Second Dorico maintenance update released

by Philip Rothman on December 20, 2016 · 4 comments

in News

As expected, Steinberg today released the second maintenance update to Dorico. Despite its incremental version number of 1.0.20, like Dorico 1.0.10 it includes a good many improvements and fixes to the barely two-month-old scoring software.

Steinberg product marketing manager Daniel Spreadbury covers the update on his blog. Steinberg has also been rolling out some useful video tutorials in the past week, each two to three minutes long and narrated by product planning manager Anthony Hughes, that are well worth viewing if you’re just getting started with Dorico.

Here are some of the highlights of what’s new in Dorico 1.0.20.

Arpeggio signs

A new Arpeggiation section has been added to the Ornaments panel, including up or down arpeggios as well as a non arpeggio bracket.

Arpeggios are added by either selecting the appropriate sign from the panel or by typing Shift+O for an ornaments popover, and then typing arp or arpeggio for an upwards arpeggio, arpdown or arpeggiodown for downwards arpeggio, or nonarp or non arpeggio for a non arpeggio sign.

Arpeggios can span chords in multiple voices, such as across a grand staff.

The length of arpeggios automatically adjusts as the pitches of the chord change, and an arpeggio will disappear entirely if only a single note remains at that position.

You might be wondering, where’s the arpeggio with an up-arrow? Well, because by default arpeggios are played upward, there isn’t a separate ornament for an up-arrow arpeggio. That doesn’t mean you can’t create one; you can set them on a case-by-case basis via the Properties panel…

…or make them the default option in Engrave mode > Engraving Options > Arpeggio signs, along with many other options for setting the appearance, design, gaps and endpoint positions of the wiggly lines.

Arpeggio lines don’t currently play back, but the release notes say that this is eventually planned.

Page layout

In Elaine Gould’s book Behind Bars, she devotes a couple of pages to describing Rastral sizes, which, despite having varied slightly among different manufacturers, were a useful guide to setting the size of music before computer music notation came along: sizes 0 and 1 were suitable for educational purposes, 3 through 5 for single-stave parts, etc.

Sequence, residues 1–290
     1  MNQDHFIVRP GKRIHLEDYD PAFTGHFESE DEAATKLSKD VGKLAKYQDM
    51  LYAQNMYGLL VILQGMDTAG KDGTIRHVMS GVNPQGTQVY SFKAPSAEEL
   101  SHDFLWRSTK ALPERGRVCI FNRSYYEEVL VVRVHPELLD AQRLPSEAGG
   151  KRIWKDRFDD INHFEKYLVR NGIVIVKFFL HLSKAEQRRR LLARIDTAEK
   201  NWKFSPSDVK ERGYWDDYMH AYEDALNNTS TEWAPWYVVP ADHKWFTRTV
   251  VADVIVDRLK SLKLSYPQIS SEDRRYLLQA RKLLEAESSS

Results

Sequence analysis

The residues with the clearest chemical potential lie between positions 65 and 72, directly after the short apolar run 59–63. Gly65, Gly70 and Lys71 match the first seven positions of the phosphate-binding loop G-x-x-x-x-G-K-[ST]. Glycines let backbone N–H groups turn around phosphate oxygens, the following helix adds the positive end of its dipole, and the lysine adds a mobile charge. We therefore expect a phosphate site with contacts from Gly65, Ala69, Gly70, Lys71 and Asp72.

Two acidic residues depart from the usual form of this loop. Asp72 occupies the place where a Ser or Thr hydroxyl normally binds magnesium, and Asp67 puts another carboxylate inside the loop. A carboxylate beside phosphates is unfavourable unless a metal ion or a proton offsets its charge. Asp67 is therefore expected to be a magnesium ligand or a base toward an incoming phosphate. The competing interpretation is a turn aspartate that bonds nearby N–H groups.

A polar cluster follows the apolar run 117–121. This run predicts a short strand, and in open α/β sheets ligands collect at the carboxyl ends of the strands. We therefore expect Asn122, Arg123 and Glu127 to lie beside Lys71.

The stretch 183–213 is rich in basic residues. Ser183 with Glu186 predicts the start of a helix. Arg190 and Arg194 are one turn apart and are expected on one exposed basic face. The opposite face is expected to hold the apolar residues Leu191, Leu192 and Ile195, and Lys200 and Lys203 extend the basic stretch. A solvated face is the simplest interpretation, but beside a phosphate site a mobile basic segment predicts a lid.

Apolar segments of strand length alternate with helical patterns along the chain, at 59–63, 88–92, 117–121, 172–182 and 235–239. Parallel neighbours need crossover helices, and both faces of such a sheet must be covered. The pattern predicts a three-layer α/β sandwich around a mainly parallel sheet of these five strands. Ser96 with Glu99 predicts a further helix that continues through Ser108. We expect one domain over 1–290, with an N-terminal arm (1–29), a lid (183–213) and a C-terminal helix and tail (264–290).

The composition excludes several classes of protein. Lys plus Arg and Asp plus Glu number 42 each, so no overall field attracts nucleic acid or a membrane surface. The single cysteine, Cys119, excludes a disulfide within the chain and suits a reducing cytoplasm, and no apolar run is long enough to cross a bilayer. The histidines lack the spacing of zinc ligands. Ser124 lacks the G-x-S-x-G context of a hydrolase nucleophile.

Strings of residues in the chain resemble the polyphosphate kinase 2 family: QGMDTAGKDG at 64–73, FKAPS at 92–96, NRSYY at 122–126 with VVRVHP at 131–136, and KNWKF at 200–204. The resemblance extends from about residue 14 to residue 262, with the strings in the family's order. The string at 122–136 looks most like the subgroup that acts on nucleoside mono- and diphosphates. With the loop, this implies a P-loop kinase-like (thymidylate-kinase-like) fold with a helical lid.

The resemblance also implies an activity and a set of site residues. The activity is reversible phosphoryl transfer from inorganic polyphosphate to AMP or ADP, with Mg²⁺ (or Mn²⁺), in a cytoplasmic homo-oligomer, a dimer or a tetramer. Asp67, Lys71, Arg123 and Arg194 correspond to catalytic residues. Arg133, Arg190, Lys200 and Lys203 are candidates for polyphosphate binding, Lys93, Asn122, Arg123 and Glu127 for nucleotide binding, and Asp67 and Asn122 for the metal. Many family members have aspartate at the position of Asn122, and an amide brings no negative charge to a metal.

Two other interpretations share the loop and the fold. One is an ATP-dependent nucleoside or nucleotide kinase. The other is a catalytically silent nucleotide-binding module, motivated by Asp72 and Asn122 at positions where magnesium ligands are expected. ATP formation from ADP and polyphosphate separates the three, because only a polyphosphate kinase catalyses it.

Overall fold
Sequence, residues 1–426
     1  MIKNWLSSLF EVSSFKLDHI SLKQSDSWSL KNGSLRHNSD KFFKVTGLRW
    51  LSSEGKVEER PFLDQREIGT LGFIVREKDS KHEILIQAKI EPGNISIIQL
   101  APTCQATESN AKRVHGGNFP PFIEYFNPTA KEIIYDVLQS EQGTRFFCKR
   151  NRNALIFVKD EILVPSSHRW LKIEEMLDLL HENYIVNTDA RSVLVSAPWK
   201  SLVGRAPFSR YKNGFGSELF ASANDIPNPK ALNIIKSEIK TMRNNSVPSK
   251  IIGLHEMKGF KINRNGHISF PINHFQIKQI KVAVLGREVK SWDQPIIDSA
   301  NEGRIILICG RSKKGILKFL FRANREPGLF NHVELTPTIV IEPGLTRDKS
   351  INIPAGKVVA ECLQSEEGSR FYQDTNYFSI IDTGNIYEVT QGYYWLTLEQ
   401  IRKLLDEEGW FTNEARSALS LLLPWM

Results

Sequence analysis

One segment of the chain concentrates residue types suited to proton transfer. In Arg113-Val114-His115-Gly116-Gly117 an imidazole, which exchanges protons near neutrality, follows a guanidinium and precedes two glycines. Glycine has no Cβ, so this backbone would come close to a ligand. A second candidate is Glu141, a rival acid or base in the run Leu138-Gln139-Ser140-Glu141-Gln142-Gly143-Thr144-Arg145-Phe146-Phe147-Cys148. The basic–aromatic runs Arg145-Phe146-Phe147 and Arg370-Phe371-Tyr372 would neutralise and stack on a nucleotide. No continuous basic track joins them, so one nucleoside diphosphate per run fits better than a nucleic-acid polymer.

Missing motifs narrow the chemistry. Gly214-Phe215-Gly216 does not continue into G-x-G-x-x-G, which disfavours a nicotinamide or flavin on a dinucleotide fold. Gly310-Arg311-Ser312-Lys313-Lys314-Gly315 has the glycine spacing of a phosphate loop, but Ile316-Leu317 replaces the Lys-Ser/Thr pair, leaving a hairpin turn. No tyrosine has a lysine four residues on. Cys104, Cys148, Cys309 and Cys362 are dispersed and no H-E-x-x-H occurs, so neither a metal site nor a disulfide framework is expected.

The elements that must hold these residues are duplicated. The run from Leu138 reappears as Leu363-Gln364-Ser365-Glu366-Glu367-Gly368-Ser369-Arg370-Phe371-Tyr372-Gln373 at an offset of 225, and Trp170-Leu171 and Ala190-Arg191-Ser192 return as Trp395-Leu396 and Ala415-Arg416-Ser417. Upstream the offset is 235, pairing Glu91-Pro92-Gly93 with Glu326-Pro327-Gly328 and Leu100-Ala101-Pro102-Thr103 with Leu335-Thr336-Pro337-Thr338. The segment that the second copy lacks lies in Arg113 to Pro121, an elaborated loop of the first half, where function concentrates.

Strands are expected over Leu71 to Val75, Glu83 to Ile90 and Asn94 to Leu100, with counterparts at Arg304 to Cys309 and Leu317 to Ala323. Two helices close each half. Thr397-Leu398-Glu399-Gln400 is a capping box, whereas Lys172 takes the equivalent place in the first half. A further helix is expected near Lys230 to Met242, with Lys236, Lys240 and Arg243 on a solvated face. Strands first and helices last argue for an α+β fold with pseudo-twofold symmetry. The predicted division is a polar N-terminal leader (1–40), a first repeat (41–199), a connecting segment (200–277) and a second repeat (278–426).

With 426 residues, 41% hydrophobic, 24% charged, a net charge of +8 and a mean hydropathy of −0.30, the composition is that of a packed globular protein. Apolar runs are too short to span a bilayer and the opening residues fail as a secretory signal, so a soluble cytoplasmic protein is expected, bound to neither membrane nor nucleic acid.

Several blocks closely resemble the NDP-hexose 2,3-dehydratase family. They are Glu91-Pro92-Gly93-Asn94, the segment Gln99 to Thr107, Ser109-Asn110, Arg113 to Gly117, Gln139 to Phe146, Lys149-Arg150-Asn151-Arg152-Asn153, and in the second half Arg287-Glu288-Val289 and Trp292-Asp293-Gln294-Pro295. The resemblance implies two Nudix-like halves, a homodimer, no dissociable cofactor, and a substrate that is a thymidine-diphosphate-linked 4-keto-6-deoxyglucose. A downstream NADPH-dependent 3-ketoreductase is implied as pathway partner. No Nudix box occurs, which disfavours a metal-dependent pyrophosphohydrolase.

The Dorico developers have made no secret of their study of traditional engraving practices, and have added a new Rastral size menu in Setup mode > Layout Options > Page Setup:

The default size in a new project is size 3. Of course, it’s still possible to choose any custom size by entering a value in the Space size box.

In addition to the plethora of options already available in Setup mode > Layout Options > Page Setup, two more options have been added in Vertical spacing:

  • The ability to hide individual staves of a multi-staff instrument (like a piano grand staff) on a system on which it has no music;
  • The ability to specify which players that should never be hidden, even if their staves are empty on a system.

Playback

Play mode gains Playback Options for the first time, and hopefully it’s a harbinger of things to come. The dialog is sorted into just two areas for now: Dynamics and Timing.

The Dynamics section includes options to stress the first beat or other beats in the bar, how much Dorico should increase the dynamics of accent and marcato markings, a humanize (randomize) option, and the option to control, on a curve, the relationship of the extreme dynamic markings such as ppp compared to the p through f range.

The Timing section controls the duration of default (unmarked) notes as well as those of staccato, staccatissimo, tenuto and legato (slurred) notes.

There is also a humanize option which modifies the start position of notes by up to 10 ticks, and the ability to control, in seconds, the gap between flows during playback, like when playing back movements.

Fun fact: a tick in Dorico is 480 PPQN.

In Daniel Spreadbury’s blog post, he said that playback “will remain an area of focus for us as we work towards our next updates, along with further improvements to the playback infrastructure, such as support for VST Note Expression, support for multiple input/output ports (as used by e.g. Vienna Ensemble Pro), and so on.”